"One of the most telling stats, based on information gathered from
LinuxCon registrations this year, is how the different distributions
have won or lost favor with users. Although Fedora used to hold nearly
half the market share (45%), it has now dropped firmly into second place
(28%) behind the growing popularity of Ubuntu (34%). One positive aspect
of this change is more distributions are getting users’ attention and
use, and Linux Mint has recently joined the more well-known and older
distros on the list."
"GPT, the GUID Partition Table, is an alternate disk partition table
scheme that solves two problems associated with the MBR (Master boot
Record) partition table. It allows the configuration of more than four
primary partitions, the maximum supported by MBR, and also supports disk
partitions of more than 2 TB. So GPT will be the default partition table
scheme on Fedora 16"
"The Fedora developers have listened and have decided that Fedora 16
will not use Btrfs by default. The announcement was made by Josef Bacik,
Senior Software Engineer at Red Hat. Bacik, however, mentioned that
Btrfs is still being considered as the default filesystem for future
release of Fedora. The target release to have Btrfs by default has been
shifted to Fedora 17 now."
"I'm actually encouraged by the fact that btrfs is being delayed for
default for another release. It shows that the Fedora release process
and objectives are working well. Bacik has also displayed a great deal
of patience (as far as I've seen, anyway) with bug reports and
complaints while working to get it up to speed."
"Recently, it became apparent that Btrfs has not met the stipulated
criteria. The main reason for this continues to be the still ongoing
development of a decent program for testing and repairing Btrfs file
systems. Bacik had previously hoped that such a program would be
released in May; now, the developer has mentioned a time frame of "a few
weeks", but has also said that the developers' target is the Linux
Plumbers Conference, which will start on 7 September. The Fedora project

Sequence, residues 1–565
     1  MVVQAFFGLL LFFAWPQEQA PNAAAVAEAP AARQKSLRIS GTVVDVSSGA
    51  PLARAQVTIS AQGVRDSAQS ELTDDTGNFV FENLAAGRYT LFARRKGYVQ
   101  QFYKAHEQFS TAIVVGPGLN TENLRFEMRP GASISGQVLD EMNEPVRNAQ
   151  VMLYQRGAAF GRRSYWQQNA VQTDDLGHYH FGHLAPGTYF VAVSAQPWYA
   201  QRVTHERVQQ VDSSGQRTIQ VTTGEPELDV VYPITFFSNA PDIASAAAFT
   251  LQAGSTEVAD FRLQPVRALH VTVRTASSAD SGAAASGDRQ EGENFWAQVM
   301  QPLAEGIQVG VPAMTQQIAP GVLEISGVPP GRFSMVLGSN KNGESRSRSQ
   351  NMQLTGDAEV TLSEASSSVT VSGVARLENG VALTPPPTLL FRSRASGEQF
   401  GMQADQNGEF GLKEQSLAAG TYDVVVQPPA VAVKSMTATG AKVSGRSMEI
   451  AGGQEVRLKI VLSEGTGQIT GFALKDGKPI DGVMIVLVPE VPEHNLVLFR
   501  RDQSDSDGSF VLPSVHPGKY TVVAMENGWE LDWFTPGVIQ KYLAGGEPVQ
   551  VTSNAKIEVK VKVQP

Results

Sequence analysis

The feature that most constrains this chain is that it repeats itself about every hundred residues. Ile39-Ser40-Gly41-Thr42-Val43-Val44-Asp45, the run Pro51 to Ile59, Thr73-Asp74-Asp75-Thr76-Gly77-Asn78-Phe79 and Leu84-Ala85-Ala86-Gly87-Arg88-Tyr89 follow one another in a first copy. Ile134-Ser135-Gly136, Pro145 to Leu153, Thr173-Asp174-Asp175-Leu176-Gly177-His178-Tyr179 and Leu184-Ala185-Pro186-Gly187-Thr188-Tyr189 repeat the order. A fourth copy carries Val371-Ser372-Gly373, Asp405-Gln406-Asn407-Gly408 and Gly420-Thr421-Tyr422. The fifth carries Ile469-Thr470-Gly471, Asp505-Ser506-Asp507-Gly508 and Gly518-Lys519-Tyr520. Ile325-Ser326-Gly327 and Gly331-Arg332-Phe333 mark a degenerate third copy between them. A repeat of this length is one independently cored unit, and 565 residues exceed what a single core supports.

will probably make a second attempt to switch in Fedora 17."
"Upon the release of LibreOffice 3.4.2, the Document Foundation
announced that Oracle and SUSE each contributes roughly 25 percent of
the latest commits, while Red Hat contributed another 20 percent.
Following Oracle’s donation of Openoffice to the Apache Foundation
earlier this year, The Document Foundation wants to reassure the
technology public that corporate support for LibreOffice is strong and
that this Office suite is “enterprise ready.” "
"Some old time Fedora users may be aware of Fedora's poor track record
when it comes to KDE although things have been changing ever since the
release of KDE 4.x. I regularly try Fedora KDE and so far haven't been
fully convinced with the experience until now.
As a fan of both Fedora and KDE it gives me pleasure to say Fedora 15
with KDE 4.6.x is a great experience!"
"If I was to sum up my opinion on Fedora 15 in one sentence, it’d have
to be “Rough, but with great potential“. Gnome 3 is still a baby, and
Fedora took a bold step by pushing it to the forefront, and I applaud
them for that. As cozy as it may be, there’s still a whole lot of polish
left to be done. The front-end is still rough, and the back-end doesn’t
seem to have yet caught up with all the changes. If Fedora can manage to
take the successes in this release (which are many) and smooth out some
of those rough spots (which are also many), then Fedora 16 is likely to
pull a lot of users away from Ubuntu permanently. From the looks of it,
I’ll be one of them."
"By this time, summer of 1991, we had both started posting to Usenet. In
August, Linus mentioned his kernel project on comp.os.minix for the
first time. Later on, he decided to make the code available, and got one
of the admins of ftp.funet.fi to put it there. For this, the project
needed a name. Linus wanted to call it Freax, but Ari Lemmke, the
ftp.funet.fi admin, decided to call it Linux instead. You can find the
Freax name in the Makefile of the earliest Linux releases."